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Copy reference link   DOI: doi:http://dx.doi.org/10.1016/j.obhdp.2011.07.004

Abstract: The better-than-average effect describes the tendency of people to perceive their skills and virtues as being above average. We derive a new experimental paradigm to distinguish between two possible explanations for the effect, namely rational information processing and overconfidence. Experiment participants evaluate their relative position within the population by stating their complete belief distribution. This approach sidesteps recent methodology concerns associated with previous research. We find that people hold beliefs about their abilities in different domains and tasks which are inconsistent with rational information processing. Both on an aggregated and an individual level, they show considerable overplacement. We conclude that overconfidence is not only apparent overconfidence but rather the consequence of a psychological bias.

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Copy reference link   DOI: 10.1177/1368430210391311

Abstract: Contemporary so called follower-centric leadership theories often argue that “good leadership is in the eye of the beholder”. Leader categorization theory, for instance, suggests that subordinates use their cognitive representation of an ideal leader (ideal leader prototype) as an implicit “benchmark” to determine their openness towards the target’s leadership, i.e., influence. With the present study, we extend this rationale by hypothesizing that such benchmarking processes are subject to follower individual differences. In particular, we argue that the process of leader categorization plays a bigger role for subordinates who perceive themselves as ideal (potential) leaders. Moreover, this two-way moderation is proposed to be further qualified by subordinates’ disposition to engage in social comparison orientation. Results of two field samples with employees (N = 140; N = 287) confirm our hypotheses. In integrating the leader categorization perspective with an individual difference perspective, we not only expand the scope of follower-centric theorizing on social influence, but also support its validity.

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Copy reference link   DOI: 10.20470/jsi.v2i1.83

Abstract: The term “process fragment” is recently gaining momentum in business process management research. We understand a process fragment as a connected and reusable process structure, which has relaxed completeness and consistency criteria compared to executable processes. We claim that process fragments allow for an easier and faster development of process-based applications. As evidence to this claim we present a process fragment concept and show a sample collection of concrete, real-world process fragments. We present advanced application scenarios for using such fragments in development of process-based applications. Process fragments are typically managed in a repository, forming a process fragment library. On top of a process fragment library from previous work, we discuss the potential impact of using process fragment libraries in cross-enterprise collaboration and application integration.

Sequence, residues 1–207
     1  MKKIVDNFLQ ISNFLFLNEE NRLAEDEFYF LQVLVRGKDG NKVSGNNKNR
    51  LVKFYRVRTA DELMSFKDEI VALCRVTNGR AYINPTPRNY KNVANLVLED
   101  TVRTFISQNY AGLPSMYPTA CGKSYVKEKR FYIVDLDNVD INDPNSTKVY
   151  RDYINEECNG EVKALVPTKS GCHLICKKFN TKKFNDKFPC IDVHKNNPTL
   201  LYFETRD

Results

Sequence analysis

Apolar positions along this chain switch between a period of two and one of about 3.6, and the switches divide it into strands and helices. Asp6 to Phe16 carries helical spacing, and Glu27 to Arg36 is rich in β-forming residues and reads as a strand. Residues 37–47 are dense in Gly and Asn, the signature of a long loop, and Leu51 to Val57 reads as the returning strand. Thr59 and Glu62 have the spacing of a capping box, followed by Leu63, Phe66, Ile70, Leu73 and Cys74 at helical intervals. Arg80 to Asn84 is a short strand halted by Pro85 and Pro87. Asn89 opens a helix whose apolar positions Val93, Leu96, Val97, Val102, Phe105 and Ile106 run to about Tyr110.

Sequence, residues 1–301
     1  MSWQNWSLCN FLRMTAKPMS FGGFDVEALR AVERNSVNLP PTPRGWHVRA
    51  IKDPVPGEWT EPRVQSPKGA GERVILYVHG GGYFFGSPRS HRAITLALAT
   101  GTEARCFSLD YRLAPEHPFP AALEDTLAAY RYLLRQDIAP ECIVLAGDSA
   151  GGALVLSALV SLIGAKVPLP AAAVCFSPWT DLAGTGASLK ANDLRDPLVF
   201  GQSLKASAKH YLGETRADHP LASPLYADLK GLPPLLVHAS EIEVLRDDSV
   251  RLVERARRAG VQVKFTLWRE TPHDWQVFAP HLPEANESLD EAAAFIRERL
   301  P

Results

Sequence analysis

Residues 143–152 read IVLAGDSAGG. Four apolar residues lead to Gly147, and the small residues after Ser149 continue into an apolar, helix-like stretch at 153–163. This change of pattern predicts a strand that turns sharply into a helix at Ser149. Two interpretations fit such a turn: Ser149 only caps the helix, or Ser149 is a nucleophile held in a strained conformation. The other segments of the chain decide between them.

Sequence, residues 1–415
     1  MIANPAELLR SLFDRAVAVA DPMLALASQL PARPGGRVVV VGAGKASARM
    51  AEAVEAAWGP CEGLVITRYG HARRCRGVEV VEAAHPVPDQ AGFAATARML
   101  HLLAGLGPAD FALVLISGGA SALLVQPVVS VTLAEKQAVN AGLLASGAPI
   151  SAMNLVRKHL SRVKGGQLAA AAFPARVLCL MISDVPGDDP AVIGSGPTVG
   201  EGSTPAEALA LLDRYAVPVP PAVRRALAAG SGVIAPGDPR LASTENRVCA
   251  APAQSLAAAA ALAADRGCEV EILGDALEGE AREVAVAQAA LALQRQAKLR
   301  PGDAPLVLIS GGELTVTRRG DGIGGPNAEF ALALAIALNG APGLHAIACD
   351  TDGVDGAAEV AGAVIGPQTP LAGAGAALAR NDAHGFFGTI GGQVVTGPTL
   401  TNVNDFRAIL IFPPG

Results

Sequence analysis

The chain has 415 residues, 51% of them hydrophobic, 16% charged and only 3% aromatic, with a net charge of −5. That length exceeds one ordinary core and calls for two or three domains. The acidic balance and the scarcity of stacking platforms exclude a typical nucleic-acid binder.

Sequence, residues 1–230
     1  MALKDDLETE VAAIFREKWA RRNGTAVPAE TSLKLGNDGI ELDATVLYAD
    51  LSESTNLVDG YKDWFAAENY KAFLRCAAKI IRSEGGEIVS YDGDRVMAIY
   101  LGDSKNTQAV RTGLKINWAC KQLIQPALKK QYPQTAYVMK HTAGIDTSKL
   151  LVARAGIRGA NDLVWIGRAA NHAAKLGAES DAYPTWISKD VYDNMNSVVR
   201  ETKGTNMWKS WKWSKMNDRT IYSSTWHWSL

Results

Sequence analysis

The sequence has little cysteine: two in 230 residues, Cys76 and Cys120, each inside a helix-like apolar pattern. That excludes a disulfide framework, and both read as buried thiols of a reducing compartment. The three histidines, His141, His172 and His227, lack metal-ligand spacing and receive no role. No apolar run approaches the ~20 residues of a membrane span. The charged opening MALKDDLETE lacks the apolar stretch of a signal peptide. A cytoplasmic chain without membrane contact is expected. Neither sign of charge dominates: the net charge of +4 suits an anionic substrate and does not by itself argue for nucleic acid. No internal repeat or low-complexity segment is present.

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Copy reference link   DOI: 10.20470/jsi.v2i4.103

Abstract: The Business Process Execution Language (BPEL) has emerged as de-facto standard for business processes implementation. This language is designed to be extensible for including additional valuable features in a standardized manner. There are a number of BPEL extensions available. They are, however, neither classified nor evaluated with respect to their compliance to the BPEL standard. This article fills this gap by providing a framework for classifying BPEL extensions, a classification of existing extensions, and a guideline for designing BPEL extensions.

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Copy reference link   DOI: doi:10.1504/IJPD.2011.038867

Abstract: In open innovation processes, free-revealing of information has proliferated in the wake of distributed electronic communication systems. Many scholars have coined a multitude of concepts to explain this free-revealing phenomenon and to develop models of organising innovation based on it. These models are partly overlapping, partly exclusive, and partly encompassing. In an extensive literature review, we identify five such concepts and research streams: collective invention, user innovation networks, commons-based peer production, crowdsourcing and open-source innovation. We compare and contrast these models along several dimensions. We present an integrative perspective on the five models and derive implications for research and practice.

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Copy reference link   DOI: 10.1057/jors.2010.93

Abstract: We show how to extend the demand-planning stage of the sales-and-operations-planning (S&OP) process with a spreadsheet implementation of a stochastic programming model that determines the supply requirement while optimally trading off risks of unmet demand, excess inventory, and inadequate liquidity in the presence of demand uncertainty. We first present the model that minimizes the weighted sum of respective conditional value-at-risk (cVaR) metrics over demand scenarios in the form of a binomial tree. The output of this model is the supply requirement to be used in the supply-planning stage of the S&OP process. Next we show how row-and-column aggregation of the model reduces its size from exponential (2T) in the number of time periods T in the planning horizon to merely square (T2). Finally, we demonstrate the tractability of this aggregated model in an Excel spreadsheet implementation with a numerical example with 26 time periods.

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Copy reference link   DOI: 10.1016/j.ejor.2011.06.019